Food for Thought: Wine, cheese class offered in Grandview

By Loretto J. Hulse, Herald staff writerMarch 20, 2013 

Wine and cheese are two of life's culinary pleasures. They're even better when paired, but finding the right cheese-wine partners can be tricky.

To help, the Vineyard and Winery Technology program at Yakima Valley Community College in Grandview is offering Wine & Cheese 101 on March 28.

Instructor Rachel Mercer will guide the class through the world of cheese. Participants will learn about the different types of cheeses and how they are made, as well as learning about the important cheese regions of the world.

During the class, she will pair Washington wines with a variety of cheeses and share some tips on how to serve them, store them and, best of all, enjoy them.

The class runs from 6 to 8 p.m. Cost is $25 per person.

Register at www.yvcc.edu/wine by March 25.

For more information, call 509-882-7040. The college is at 500 W. Main St., Grandview.

Heart-healthy peanuts

The American Heart Association gave the nod to oil-roasted peanuts, saying they have a place as part of an overall healthy eating plan.

Although many consider salted peanuts high in sodium, if you check the nutrition facts on the package, you will find many varieties have 119 milligrams of sodium per serving. That's well below the AHA certification criteria limit of 140 milligrams of sodium per serving for nuts.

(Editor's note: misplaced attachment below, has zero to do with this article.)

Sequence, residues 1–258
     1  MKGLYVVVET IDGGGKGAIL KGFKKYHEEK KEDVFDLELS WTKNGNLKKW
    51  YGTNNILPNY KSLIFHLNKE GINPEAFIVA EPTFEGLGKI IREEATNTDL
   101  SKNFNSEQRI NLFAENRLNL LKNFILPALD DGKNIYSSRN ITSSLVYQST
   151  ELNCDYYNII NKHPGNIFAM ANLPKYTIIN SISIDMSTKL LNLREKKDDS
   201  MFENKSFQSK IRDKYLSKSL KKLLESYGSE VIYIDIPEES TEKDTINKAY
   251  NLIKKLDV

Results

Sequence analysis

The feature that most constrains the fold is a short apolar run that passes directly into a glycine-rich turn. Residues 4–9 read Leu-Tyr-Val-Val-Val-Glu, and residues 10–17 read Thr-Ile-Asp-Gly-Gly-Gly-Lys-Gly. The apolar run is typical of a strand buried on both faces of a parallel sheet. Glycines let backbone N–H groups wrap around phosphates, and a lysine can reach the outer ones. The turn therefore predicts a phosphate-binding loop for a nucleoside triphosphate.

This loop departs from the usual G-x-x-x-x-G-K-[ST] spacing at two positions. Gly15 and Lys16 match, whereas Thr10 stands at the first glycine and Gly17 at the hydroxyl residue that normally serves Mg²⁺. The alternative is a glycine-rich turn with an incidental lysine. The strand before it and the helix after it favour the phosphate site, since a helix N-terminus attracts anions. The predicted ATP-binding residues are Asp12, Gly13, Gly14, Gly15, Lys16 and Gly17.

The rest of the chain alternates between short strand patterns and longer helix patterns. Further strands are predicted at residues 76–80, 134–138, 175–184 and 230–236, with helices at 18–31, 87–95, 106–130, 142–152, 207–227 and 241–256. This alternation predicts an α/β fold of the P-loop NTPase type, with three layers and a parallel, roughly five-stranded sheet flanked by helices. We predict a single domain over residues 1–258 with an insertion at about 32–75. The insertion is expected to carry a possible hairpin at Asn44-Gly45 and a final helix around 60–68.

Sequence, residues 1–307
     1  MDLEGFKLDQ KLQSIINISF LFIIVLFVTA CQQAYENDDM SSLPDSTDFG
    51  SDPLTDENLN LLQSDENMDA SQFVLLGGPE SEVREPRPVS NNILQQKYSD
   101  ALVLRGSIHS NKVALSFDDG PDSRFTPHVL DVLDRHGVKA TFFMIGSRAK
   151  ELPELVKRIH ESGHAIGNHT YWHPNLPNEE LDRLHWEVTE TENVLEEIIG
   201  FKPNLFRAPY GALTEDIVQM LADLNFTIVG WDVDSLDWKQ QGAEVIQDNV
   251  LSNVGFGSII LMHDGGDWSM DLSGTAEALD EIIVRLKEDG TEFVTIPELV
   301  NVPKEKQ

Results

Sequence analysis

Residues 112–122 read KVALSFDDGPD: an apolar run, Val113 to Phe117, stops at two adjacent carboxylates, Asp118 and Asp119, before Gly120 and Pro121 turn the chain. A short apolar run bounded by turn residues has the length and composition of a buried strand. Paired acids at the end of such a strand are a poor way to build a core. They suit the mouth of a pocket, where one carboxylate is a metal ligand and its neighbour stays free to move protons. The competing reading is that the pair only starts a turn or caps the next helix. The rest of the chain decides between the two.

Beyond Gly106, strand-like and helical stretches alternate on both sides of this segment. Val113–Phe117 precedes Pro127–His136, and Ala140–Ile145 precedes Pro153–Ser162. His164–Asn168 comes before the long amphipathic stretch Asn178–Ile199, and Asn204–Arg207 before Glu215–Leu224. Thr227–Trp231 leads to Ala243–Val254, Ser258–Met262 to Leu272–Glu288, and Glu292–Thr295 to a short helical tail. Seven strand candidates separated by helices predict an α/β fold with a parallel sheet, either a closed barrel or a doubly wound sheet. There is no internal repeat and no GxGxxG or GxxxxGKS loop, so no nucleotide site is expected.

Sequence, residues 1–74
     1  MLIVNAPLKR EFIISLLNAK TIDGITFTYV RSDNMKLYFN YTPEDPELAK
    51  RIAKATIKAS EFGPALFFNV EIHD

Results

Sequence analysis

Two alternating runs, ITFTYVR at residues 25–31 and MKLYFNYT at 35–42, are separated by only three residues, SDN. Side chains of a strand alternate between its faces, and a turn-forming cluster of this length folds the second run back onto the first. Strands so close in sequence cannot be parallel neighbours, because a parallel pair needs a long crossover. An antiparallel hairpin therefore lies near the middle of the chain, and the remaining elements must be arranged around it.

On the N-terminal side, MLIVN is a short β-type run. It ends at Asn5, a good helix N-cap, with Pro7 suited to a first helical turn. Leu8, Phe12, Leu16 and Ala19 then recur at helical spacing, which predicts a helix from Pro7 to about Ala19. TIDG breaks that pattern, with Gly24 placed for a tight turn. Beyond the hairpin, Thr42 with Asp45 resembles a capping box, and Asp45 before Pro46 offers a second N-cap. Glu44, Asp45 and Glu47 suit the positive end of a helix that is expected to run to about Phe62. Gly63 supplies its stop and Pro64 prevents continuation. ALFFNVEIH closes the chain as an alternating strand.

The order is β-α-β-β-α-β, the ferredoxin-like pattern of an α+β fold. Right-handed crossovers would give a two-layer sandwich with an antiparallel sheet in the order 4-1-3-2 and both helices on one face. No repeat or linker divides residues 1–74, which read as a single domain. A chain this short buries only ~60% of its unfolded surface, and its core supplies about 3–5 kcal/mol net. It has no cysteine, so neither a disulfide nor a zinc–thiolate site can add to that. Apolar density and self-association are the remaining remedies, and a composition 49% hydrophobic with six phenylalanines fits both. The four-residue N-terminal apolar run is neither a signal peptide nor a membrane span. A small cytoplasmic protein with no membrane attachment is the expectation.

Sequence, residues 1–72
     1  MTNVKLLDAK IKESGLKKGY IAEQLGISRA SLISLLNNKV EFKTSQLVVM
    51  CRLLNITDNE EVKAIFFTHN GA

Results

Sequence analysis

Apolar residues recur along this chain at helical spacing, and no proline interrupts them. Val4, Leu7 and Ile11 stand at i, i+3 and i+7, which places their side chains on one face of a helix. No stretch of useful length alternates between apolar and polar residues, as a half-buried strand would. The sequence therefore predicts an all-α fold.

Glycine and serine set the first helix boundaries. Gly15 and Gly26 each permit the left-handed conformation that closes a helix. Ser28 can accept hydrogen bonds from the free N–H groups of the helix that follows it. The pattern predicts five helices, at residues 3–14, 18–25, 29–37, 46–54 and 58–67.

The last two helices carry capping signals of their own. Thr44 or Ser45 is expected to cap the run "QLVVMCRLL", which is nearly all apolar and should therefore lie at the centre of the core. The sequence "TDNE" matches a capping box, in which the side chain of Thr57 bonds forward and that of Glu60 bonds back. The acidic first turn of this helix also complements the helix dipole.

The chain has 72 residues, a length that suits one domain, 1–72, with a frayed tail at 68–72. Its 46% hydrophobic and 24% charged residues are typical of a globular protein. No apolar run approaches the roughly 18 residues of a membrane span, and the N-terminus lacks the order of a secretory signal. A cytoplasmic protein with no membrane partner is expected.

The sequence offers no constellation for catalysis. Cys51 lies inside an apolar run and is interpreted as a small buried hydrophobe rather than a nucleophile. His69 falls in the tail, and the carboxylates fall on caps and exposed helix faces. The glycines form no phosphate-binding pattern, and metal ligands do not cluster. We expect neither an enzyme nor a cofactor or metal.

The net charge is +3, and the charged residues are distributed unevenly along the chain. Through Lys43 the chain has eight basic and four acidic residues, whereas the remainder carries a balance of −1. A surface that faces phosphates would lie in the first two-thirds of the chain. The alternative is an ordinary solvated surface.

Check the label for the type of oil used to roast them. Many producers use peanut oil, a heart-healthy monounsaturated fat. Peanuts don't absorb the oil, so this method of roasting won't change the fat content of the nut.

Peanuts have other good qualities too. A 1-ounce serving provides eight grams of cholesterol-free protein. They're an excellent source of niacin and Vitamin E and a good source of folic acid.

For recipes and tips about how to include peanuts in your everyday diet, go to www.peanut-institute.org.

Chef's tip

Next time you're using raw onions in a salsa and you are not going to eat that salsa in the next 20 minutes or so, follow this tip from Food Network chef Mark Miller of the Coyote Cafe in Santa Fe, N.M.: Rinse the diced onions under cold running water first, then blot dry.

This will rid them of sulfurous gas that can ruin fresh salsa.

Miller said this step is really important in guacamole too.

New read

The book: 400 Sensational Cookies by Linda J. Amendt.

Cost: $25

Best for: The author has taken the guess work out of cookie making, giving us clear instructions and sharing her expertise with cookies of all types. She has entire chapters on drop and bar cookies, slice-and-bake cookies, rolled and cut out cookies, filled cookies and more. Many of her recipes go together quickly, making it easy to turn out homemade cookies for last minute get-togethers.

*Loretto J. Hulse: lhulse@tricityherald.com. To receive a recipe via email each Tuesday, register at tricityherald.com and click on newsletters. If you already are registered, click on edit account and newsletters to select Recipe of the Week. This exclusive recipe does not appear in the newspaper.

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